Take fly gear for example. If I'm hooking a bass or a big chum I'm going to use a strip set. Fishing in a lake under an indicator and I'll use the straight up overhead trout set. Steelhead take on a swinging fly and it's going to be a cross body set. That's three ways of setting the hook and I've only talked about fly fishing. Spinning and casting gear have at least as many hook set variations.

Instead of strumming your line like Willie Nelson, try changing your rod angle on the fish to stop a run or tire it more quickly.

I'd like to hear more about your method of netting fish. When I see someone trying to net a fish tail first, "Rookie" is the term immediately popping into my head. I've watched countless fish lost this way. Head first only in my boat and for the reason you bring up in your last comment, "most fish can't swim backwards". Least you think it's a personal opinion thing, watch a guide on the water or YouTube, they will never net tail first.

Speaking of your last comment, "most fish can't swim backwards so alongside of the boat/whatever pull the fish gill high out of the water it will make act like a bobber and suck lots of air and drown themselves". I'm not sure what you're trying to say.
 
Casting Call
Casting Call
Casting Call said:
Us old salts have perfected our own styles. "My way of fishing" is a base line for beginners and the unknowing. Angler instructor ODFW #5095. Tony
WOW! Thank you all for your replies. J-ace, plumber t, c c, and s-pro I consider old salts. Respectfully your style and equipment are your own. Again, Iam sure that beginners and unknowing will have gained some insights to our world. Suffocation = not being able to breath normal.
 
jamisonace
jamisonace
Too many variables but a great discussion. This fall I was fishing for Chinook in Roseburg. I do it a little different than most but it's all basically a trolled presentation so not much difference in technique from other trollers. As I was launching one day there was a really loud guy telling his fishing buddy what to do to set the hook. He kept repeating, "If you feel the slightest nibble, set the hook as hard as you can! I mean, set it like you mean it! As fast and as hard as you can!" My buddy and I got a good chuckle. In my boat when that rod buries, we admire it, we talk about it, we listen to some line peel off the reel and after I've given the drift boat a few good oar strokes, we grab the rod and fight the fish. If you lunge for the rod and grab it I'll verbally abuse you and make you cry.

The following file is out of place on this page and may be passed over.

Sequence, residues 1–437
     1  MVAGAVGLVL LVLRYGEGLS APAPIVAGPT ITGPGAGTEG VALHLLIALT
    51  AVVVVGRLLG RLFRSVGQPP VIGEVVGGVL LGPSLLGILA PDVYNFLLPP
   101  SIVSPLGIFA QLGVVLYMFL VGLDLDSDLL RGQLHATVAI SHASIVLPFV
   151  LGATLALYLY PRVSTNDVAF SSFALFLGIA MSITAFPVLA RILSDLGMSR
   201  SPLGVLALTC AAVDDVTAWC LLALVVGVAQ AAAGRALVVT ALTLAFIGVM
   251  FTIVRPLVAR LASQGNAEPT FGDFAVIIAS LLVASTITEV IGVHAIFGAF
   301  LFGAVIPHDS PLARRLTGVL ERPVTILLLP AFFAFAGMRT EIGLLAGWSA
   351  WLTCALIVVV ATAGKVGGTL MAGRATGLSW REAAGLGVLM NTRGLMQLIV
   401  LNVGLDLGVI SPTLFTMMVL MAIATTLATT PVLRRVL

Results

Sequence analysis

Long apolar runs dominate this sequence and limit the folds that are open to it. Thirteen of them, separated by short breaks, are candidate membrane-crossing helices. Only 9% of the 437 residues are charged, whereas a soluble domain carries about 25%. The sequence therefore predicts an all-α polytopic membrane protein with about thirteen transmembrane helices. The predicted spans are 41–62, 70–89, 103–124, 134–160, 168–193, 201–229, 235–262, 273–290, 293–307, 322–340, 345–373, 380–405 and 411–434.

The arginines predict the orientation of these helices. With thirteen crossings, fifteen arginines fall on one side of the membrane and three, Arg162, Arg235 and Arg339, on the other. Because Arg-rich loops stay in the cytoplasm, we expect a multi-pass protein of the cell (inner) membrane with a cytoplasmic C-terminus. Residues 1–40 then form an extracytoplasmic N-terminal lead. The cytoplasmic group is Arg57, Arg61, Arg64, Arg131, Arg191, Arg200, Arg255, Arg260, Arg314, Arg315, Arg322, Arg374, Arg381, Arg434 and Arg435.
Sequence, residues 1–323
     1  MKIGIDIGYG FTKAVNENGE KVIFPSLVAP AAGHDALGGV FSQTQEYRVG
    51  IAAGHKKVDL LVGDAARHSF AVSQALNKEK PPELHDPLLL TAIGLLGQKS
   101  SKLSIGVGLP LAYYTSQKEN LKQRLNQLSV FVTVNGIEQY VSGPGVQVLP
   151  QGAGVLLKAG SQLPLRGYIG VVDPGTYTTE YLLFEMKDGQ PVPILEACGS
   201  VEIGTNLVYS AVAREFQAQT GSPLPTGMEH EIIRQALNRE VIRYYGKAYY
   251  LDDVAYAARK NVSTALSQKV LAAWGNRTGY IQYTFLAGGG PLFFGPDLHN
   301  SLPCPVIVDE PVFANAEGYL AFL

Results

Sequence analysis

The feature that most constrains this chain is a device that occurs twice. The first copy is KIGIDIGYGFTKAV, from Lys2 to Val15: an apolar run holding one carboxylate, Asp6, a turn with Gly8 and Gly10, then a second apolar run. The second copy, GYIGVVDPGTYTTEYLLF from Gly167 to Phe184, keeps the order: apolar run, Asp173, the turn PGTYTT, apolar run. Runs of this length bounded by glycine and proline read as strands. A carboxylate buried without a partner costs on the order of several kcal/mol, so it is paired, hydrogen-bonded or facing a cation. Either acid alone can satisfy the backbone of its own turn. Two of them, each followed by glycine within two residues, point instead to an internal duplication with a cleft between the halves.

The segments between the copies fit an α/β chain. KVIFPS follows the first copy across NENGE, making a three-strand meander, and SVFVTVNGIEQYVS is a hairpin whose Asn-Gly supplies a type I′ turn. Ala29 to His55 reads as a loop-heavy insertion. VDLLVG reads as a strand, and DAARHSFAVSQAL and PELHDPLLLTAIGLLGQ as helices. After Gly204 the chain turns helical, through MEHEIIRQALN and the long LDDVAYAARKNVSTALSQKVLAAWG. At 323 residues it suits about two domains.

Casting Call
Casting Call
J- ace I totally agree with your technique. I like to let my prey just run with it, turning will usually set the hook till I see how well the hook is set/size/drag tension needed then I'll respond as needed. A note to beginners do as I say, not do as I do and develop your own style. Tony
 
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jamisonace
jamisonace
My technique of choice is side drifting. The reason people lose fish when they set the hook while side drifting is because often times the fish does not eat the bait as it passes but instead the fish turns and eats it as they are swimming downstream. If you set, you'll likely pull the hook out of its mouth. But if you wait through the little bites until it turns back and you feel the deep pull you'll hook it.

Just had it happen yesterday on a chinook. I had what seemed like a trout biting but I waited through about 3 or 4 seconds of nibbles and when it turned back around it was game on. ...And then I lost it at the boat.
 
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Amen Brother! Tony